West Through Canada
OK, friends -- let's look at Canada. Yes, it's what's above that solid line on most maps of North America shown to children at schools in the US. When we left Thunder Bay in western Ontario, we joined the Trans-Canada Highway, heading into the prairies.
Canada is the second largest country in the world, larger than the US, even including Alaska. However, few people live in “the frozen north” of the country, and even in the southern provinces, the population is spread very thin. I did my Google homework: Manitoba has 250,116 square miles with 1.272 million people. That’s 6 people per square mile. Tennessee has 42,143 square miles and 6.716 million people or 153 people per square mile. I’d always thought of Tennessee as relatively rural – it’s nothing like Manitoba.
We left the Trans-Canada Highway, and headed north toward the Alaska Highway, trying to travel about 150 miles a day. There are virtually no interstate-type roads, and the 4-lane roads are not limited access except around big cities. Trucks are polite, but bigger and heavier than trucks in the US – I counted 32 tires on freight trucks. Winds are strong.
We were advised to stay on the Trans-Canada to Calgary and then go north to Edmonton, but we chose to take the diagonal route: Highway 16 to Edmonton, Alberta, then Highway 43 to Dawson Creek in British Columbia at the east end of the Alaska Highway. This route was slower, but prettier, so I was happy. In 2007, we drove the US interstate highways from Tennessee to Grand Teton National Park in four days and drove north through the US and Canadian Rockies to Dawson Creek via Calgary and Edmonton. My conclusion: if you want to make time, don't drive through Canada.
One advantage of traveling through Canada is that you can stay at its provincial parks. Often quite small, they are usually protected areas, established to support tourism, but also to preserve beautiful, historically or geographically significant areas. Many large RVs can't fit into the campsites, and most parks provide only vault toilets, very clean gravel sites, firewood, and (sometimes) a water faucet. There are usually no hookups at the campsites.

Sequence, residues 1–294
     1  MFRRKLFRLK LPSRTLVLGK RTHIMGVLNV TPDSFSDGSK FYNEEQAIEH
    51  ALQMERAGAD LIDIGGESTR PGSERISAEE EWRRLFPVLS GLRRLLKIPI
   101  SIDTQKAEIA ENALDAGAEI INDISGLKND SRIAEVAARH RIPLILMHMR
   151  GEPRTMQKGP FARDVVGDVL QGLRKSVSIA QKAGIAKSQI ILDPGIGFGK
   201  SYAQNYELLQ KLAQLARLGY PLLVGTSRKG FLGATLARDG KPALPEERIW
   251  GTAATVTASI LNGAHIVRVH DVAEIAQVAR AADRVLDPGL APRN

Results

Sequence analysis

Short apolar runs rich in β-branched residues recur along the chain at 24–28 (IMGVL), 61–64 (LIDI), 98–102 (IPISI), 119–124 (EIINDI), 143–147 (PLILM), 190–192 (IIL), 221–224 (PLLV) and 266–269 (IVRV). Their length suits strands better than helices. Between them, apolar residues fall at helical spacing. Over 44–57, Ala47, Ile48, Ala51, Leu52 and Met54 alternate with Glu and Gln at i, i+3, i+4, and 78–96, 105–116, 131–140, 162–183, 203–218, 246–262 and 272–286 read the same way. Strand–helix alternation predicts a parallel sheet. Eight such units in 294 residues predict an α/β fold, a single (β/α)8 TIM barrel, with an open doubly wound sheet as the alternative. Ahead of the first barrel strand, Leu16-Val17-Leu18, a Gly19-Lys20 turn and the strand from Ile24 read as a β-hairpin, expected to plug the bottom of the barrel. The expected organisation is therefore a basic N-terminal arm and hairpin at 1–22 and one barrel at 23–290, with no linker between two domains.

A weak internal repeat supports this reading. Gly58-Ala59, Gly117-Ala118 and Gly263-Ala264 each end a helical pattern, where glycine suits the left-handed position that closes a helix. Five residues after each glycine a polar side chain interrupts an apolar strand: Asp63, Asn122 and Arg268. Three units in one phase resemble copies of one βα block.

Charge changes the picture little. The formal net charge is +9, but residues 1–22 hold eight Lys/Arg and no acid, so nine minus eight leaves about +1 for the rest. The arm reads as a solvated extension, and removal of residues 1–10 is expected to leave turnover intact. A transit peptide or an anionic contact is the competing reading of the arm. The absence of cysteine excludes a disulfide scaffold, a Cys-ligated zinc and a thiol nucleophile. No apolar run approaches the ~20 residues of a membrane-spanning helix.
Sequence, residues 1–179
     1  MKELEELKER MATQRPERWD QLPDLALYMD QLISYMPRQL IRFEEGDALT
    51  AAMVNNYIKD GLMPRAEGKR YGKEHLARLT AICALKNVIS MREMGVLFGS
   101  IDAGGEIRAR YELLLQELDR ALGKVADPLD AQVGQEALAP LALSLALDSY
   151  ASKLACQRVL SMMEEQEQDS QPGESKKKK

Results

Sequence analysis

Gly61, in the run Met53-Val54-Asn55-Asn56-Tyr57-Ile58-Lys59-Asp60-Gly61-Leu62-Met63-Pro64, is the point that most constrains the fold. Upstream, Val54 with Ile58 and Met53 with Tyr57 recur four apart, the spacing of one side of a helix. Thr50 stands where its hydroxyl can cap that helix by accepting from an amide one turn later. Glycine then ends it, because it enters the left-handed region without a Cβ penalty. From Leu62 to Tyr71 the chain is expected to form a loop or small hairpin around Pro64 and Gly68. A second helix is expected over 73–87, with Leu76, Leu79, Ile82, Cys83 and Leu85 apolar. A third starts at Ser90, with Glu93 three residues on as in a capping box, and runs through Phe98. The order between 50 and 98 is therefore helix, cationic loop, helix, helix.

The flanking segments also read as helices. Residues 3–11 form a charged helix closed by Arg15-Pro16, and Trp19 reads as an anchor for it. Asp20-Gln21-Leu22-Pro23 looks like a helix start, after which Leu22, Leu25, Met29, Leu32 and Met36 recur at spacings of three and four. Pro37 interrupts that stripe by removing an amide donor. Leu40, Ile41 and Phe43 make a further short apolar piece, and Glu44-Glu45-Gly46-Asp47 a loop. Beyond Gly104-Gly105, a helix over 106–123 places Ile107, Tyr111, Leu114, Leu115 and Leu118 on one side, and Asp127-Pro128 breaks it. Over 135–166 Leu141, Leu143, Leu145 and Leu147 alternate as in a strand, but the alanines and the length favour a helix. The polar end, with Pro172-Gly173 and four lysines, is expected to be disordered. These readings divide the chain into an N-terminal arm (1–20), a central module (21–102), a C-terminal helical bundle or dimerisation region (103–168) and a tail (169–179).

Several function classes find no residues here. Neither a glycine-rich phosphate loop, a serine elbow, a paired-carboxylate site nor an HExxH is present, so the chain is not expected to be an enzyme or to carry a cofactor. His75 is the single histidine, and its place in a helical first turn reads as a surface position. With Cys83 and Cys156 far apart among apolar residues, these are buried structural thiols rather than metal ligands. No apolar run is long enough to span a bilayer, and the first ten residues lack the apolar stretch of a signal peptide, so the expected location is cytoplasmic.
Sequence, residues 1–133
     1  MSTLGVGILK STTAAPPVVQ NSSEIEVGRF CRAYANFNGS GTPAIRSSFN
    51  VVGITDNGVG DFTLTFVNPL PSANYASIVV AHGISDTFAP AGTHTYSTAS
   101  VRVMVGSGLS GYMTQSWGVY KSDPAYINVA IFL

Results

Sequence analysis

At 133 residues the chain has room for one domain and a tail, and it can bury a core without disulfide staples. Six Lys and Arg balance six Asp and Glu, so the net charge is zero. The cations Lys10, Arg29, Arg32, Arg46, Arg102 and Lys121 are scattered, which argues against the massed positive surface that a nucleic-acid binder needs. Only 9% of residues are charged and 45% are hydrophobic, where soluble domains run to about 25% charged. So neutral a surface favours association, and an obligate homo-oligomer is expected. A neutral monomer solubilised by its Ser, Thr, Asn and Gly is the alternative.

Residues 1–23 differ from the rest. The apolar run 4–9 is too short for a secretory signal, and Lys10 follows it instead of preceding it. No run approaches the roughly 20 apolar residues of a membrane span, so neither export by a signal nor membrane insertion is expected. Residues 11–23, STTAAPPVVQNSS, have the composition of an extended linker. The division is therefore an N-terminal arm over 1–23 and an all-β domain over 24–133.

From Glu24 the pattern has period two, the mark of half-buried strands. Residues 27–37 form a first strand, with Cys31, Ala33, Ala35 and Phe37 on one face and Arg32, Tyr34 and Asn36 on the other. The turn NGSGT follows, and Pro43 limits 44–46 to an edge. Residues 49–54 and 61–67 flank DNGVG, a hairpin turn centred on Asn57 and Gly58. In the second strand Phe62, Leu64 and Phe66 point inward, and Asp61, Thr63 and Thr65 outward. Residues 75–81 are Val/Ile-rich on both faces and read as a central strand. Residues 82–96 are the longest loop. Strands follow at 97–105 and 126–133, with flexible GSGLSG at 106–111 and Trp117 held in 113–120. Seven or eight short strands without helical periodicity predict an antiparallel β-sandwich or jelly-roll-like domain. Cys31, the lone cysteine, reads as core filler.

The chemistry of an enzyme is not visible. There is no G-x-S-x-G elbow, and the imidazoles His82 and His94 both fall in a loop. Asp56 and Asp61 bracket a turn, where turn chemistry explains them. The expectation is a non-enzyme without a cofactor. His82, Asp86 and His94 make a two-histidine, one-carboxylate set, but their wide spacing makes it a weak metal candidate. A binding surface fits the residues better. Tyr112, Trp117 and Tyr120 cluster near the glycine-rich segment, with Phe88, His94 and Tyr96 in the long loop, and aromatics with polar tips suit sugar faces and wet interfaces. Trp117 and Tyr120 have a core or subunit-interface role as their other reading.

Million Dollar Falls Campground, Takhenne River, Yukon (which has Territorial, not Provincial parks)
Manitoba. I grew up in the Midwest and love the prairies, where you can see the whole sky, unobstructed by hills, mountains, and cities. Manitoba is majestic!
Saskatchewan. In 2007, we heard our first joke about how flat this province is. Two fellow campers were sitting at our fire and one (from Alberta) joked that his friend was from Saskatchewan, “where it’s so flat that you can watch your dog run away for half a day.” We drove Route 16, and found that Saskatchewan isn’t as flat as Manitoba.
Alberta: wheat is still largest crop, but agriculture only counts for a tiny part of the economy. I'll write more later, but much has changed here since 2007. Commercial extractions of oil from the oil sands of northern Alberta has transformed this beautiful area to an industrial site. Here's a link to a "National Geographic" article on the subject: https://www.nationalgeographic.com/environment/2019/04/alberta-canadas-tar-sands-is-growing-but-indigenous-people-fight-back/
We’ve learned a good deal about the immigrant heritage of this part of Canada.In Yorkton, Saskatchewan, we visited a “Western Development” museum, a polite way of describing the European influx and its effect on the native nations.Immigrants from Britain, Iceland, Germany and Ukraine dominated the 19th century and early 20th century waves, though the immigrant inflow continues. In the first weeks in Canada, we met families from the Philippines, Nigeria and Korea.
The photos above were taken at 10:00 pm on June 21 and about 4:30 am on June 22 as we were driving through Manitoba. As you can see, the nights really are very short during the northern summer!
Measures: One of the great things about traveling in Canada is that we US citizens can practice living like the rest of the world: distances in kilometers, weights in kilograms, temperatures in Celsius, and different currency that makes much more sense to me. Some cool things about Canadian money:
· No pennies. In 2013, the government stopped issuing them, and you just round as needed.
· One and two dollar coins. The one-dollar coin has an impression of a loon (bird!) and is therefore usually called a “looney”. The two-dollar coin is (of course) a “tooney”.
· Plastic money. Bills are now like those in many other countries: plastic with holograms and a transparent picture in the middle.
Black spruce trees always seem puny to me, as they are stunted by wind and harsh winters.